But in the shorter term, industries like travel, leisure and events have shown their fragility. Department stores are disappearing, commercial real estate is in trouble, and the volatility of the energy sector as a whole has been on full display this year. Meanwhile, fixed-income yields today would be considered a joke in normal markets.
Where can investors in these fragile, unattractive or high-risk areas turn to? Tech, which has proven exactly how robust it is under the most extreme circumstances — and enjoys those high margins and attractive balance sheets — looks like a nice option.
Plus, Curtis sees one more long-term tailwind for tech stocks that should drive demand even when things start getting back to normal.
“We’re going to see an acceleration by the digital laggards in investing in tech and that’ll continue to drive fundamental outperformance,” Curtis says. The “adapt or die” mentality required in the natural world is also required in the world of commerce and free markets.
Andreessen once wrote: “We are in the middle of a dramatic and broad technological and economic shift in which software companies are poised to take over large swathes of the economy.”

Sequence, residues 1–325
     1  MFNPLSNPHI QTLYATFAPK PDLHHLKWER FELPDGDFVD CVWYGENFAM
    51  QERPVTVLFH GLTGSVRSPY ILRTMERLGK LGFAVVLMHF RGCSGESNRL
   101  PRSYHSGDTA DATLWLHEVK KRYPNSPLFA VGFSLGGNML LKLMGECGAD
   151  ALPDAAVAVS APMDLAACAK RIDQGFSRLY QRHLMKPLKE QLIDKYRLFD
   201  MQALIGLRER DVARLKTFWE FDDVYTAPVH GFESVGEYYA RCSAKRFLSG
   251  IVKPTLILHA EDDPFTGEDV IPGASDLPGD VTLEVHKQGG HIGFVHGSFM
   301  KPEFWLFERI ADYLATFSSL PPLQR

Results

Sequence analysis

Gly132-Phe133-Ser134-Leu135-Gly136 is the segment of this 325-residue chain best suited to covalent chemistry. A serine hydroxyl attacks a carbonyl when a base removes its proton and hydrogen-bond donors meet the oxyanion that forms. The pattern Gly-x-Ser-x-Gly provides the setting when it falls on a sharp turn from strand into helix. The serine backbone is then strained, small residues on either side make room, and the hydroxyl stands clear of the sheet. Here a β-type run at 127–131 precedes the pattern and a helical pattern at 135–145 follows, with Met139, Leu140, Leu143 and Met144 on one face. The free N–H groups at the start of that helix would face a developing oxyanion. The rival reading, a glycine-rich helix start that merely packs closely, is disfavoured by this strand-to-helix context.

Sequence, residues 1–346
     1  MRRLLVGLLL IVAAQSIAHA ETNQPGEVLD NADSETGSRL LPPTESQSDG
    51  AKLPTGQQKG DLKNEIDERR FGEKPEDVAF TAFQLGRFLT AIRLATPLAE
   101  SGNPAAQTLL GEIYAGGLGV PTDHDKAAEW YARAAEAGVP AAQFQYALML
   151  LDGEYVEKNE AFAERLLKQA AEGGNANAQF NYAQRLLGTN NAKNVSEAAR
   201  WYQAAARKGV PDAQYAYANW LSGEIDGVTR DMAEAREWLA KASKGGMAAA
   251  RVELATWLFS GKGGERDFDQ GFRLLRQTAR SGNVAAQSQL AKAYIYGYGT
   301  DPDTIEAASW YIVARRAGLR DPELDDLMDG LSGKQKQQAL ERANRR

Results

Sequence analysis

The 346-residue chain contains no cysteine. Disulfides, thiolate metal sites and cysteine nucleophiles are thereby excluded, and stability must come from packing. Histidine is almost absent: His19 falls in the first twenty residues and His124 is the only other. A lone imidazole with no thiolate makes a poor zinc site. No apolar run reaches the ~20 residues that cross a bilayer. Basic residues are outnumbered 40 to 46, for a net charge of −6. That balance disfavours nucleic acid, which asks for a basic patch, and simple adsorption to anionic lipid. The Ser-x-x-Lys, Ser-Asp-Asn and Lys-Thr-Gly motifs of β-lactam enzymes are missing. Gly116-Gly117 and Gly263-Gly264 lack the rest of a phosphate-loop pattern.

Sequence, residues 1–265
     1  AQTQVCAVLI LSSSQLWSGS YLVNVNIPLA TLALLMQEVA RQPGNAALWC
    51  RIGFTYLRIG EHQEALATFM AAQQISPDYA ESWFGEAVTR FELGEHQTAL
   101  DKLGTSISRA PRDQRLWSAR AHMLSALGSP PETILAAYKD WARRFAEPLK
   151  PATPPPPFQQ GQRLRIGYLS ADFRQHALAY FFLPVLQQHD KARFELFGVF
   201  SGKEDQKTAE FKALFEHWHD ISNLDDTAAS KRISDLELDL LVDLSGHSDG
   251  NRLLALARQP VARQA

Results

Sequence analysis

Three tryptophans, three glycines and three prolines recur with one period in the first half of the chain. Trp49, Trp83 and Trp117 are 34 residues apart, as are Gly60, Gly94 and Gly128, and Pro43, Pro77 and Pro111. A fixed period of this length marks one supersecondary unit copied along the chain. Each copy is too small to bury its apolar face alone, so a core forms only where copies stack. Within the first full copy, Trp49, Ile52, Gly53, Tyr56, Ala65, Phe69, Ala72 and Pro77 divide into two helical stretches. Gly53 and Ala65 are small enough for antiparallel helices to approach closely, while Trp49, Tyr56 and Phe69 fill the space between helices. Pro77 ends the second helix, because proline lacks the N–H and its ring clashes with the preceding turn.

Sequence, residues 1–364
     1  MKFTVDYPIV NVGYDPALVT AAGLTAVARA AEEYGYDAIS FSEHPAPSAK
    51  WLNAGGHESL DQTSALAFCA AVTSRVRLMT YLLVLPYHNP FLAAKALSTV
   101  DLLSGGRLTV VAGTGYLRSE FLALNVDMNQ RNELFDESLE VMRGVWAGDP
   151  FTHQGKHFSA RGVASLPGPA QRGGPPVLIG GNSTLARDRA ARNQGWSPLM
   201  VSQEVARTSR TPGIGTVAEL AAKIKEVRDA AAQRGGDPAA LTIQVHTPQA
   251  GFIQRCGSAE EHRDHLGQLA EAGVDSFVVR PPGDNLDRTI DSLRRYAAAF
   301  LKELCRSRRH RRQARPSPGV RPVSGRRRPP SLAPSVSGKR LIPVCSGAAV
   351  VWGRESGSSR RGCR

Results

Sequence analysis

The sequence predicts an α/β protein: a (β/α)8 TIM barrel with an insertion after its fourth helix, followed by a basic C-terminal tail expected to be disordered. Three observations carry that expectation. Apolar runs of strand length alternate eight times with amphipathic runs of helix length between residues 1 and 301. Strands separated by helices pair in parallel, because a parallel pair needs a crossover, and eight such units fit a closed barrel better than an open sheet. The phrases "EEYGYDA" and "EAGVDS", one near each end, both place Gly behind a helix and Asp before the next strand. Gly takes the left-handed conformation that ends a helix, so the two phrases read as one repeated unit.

Where are we now? News recently broke that the U.S. Department of Justice and multiple state attorneys general are reportedly moving to bring antitrust suits against Alphabet’s ( GOOG, GOOGL) Google, with other names likely to follow. Rumors that Amazon was in talks to buy movie theater chain AMC Entertainment ( AMC) also surfaced in recent weeks and were credible enough to send shares 30% higher.
It’s no longer a theory: in 2020, Andreessen’s technological and economic shift is happening. It’s one event that everyone can see, live.
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Tech Stocks: Is 2020 the Year Software Eats the World? originally appeared on usnews.com